It's refreshing to find a dual memoir between a father and son from the same profession that's so honest and cathartic. Veteran actor Martin Sheen and his eldest son, Emilio Estevez, the accomplished actor/filmmaker, reveal eerie, often ironic parallel journeys, both personally and professionally.
They've struggled as artists and fathers, and we come away with a deeper understanding of the sacrifices and compromises they've made in balancing craft and family. In many ways, they've actually grown up together during their remarkable relationship.
Why, Sheen, 71, even remarks that he's known his son all of his life — that's how close they are. Even so, they differ in temperament and approach: Sheen throws caution to the wind and lives in the moment while Estevez is more cautious and takes the longer view.
This is exemplified in the beginning of the memoir when Estevez directs his father in The Way in 2009: a Spanish pilgrimage along the famed Camino de Santiago path, where Sheen's father grew up and near where Estevez's son has settled. The experience represents a culmination; the memoir then backtracks to tell each of their stories, alternating chapters and points of view.
Sheen grew up in Ohio as Estevez (his father was Spanish and mother Irish), but later changed his name in order to find work as a struggling New York actor. His first great success on stage was co-starring with Jack Albertson in The Subject Was Roses: a powerful father-son drama that Sheen still believes remains the best performance of his life. In fact, one of the highlights of the memoir occurs when Sheen recalls playing the climax squarely for his father in the audience. "I love you, Pop. I love you," he uncontrollably weeps.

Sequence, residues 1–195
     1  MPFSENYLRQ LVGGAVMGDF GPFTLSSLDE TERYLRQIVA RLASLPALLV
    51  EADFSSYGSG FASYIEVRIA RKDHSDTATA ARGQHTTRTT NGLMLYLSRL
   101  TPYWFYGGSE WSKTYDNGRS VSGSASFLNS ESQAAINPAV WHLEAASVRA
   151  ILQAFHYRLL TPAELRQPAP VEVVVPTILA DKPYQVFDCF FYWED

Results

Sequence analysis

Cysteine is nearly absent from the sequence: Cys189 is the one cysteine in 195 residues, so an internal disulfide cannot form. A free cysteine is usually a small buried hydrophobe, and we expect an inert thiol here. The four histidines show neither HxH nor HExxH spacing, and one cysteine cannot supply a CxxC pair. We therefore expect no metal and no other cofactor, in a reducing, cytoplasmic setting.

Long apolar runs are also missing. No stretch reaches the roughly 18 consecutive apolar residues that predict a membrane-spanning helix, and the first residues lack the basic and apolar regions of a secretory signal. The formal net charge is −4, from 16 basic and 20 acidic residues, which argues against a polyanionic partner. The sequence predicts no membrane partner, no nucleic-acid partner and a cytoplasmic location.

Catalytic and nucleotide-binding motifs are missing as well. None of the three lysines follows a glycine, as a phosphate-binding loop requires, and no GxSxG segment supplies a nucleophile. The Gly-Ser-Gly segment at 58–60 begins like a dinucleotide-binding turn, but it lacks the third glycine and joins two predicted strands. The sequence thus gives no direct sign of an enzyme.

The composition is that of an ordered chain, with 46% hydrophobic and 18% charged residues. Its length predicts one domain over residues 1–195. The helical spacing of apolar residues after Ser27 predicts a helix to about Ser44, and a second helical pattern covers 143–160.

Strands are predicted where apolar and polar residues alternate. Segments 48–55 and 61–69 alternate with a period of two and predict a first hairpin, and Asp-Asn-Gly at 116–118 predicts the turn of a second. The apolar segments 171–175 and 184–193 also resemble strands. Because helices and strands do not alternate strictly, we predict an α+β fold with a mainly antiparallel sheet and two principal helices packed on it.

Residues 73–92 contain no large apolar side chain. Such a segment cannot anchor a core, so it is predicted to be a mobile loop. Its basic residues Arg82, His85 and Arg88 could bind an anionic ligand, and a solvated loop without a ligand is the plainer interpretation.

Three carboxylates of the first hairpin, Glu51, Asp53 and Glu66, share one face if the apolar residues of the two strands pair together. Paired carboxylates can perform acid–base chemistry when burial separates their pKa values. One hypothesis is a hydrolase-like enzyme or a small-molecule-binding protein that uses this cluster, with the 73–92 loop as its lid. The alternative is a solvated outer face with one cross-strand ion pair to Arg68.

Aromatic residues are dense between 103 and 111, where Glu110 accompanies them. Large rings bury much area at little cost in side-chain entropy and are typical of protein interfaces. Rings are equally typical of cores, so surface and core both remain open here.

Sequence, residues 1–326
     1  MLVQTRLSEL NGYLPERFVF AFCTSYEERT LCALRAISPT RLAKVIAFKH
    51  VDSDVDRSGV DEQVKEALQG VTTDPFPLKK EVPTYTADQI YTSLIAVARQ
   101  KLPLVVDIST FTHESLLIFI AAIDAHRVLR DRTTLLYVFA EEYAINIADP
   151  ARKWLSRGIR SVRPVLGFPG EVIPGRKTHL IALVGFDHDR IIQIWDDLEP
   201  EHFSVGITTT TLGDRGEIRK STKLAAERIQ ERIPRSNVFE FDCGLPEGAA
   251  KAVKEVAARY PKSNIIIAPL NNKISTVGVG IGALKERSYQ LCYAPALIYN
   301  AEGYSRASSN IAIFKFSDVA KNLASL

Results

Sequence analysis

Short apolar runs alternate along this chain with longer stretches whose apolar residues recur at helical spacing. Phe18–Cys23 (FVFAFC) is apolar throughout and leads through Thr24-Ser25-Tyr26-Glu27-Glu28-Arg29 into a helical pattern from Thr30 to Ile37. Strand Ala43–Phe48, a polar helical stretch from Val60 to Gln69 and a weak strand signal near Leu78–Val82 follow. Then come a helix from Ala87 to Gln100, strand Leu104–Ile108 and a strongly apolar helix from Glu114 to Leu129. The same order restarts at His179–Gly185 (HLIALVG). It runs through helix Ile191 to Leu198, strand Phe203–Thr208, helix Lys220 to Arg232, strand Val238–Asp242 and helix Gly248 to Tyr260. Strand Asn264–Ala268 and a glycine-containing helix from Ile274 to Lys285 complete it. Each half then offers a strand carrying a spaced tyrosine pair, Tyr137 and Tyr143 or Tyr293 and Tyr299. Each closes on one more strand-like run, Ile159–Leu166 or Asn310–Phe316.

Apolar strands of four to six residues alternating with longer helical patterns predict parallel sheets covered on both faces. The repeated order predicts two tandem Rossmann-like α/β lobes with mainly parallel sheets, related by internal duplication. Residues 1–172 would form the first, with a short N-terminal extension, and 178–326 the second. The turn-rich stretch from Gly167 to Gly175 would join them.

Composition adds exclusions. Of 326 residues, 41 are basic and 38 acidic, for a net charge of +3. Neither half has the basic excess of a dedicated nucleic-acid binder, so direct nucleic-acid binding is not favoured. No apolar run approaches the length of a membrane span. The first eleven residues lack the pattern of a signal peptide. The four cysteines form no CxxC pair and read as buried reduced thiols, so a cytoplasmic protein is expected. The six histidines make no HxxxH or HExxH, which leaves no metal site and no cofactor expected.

Another revelation is when Estevez (who turns 50 on May 12) describes his father's drinking: "He acted as though alcohol gave him license to misbehave, when instead it made him unreasonable. It didn't make him stronger in my eyes. It made him look weak." In the subsequent chapter, Sheen concurs: "When I drank, I was an angry, terrible bore."
What's so fascinating about Along the Way is this insightful back and forth. Sheen confesses what a horrible father he was during the making of Francis Ford Coppola's legendary Apocalypse Now. He was at his most self-destructive during this Vietnam opus, which eventually led to a near-fatal heart attack. And Estevez admits how much he needed his father's attention when they were on location together in the Philippines.
Meanwhile, Estevez relates his own vices on the way to becoming part of the '80s "Brat Pack" generation (a gross misnomer, it turns out). Yet he overcomes his share of obstacles, too, in attaining satisfaction and enlightenment. Both father and son found inspiration in the life of Robert Kennedy, with Estevez writing, directing and co-starring with Sheen in Bobby, an ode to the charismatic and compassionate political figure in the wake of his assassination.
We learn how it brings father and son full circle.
As for Charlie Sheen, the bad boy of the family, he's alluded to tangentially but with well-placed irony. Sheen finds his climactic father-son showdown with Charlie in Wall Street poetic justice for really messing up as a father, while Estevez mentions how supportive his younger brother was when he lost focus scripting Bobby: "You need to change your environment and stop throwing parties," he lectured. This cries out for a follow-up. From usatoday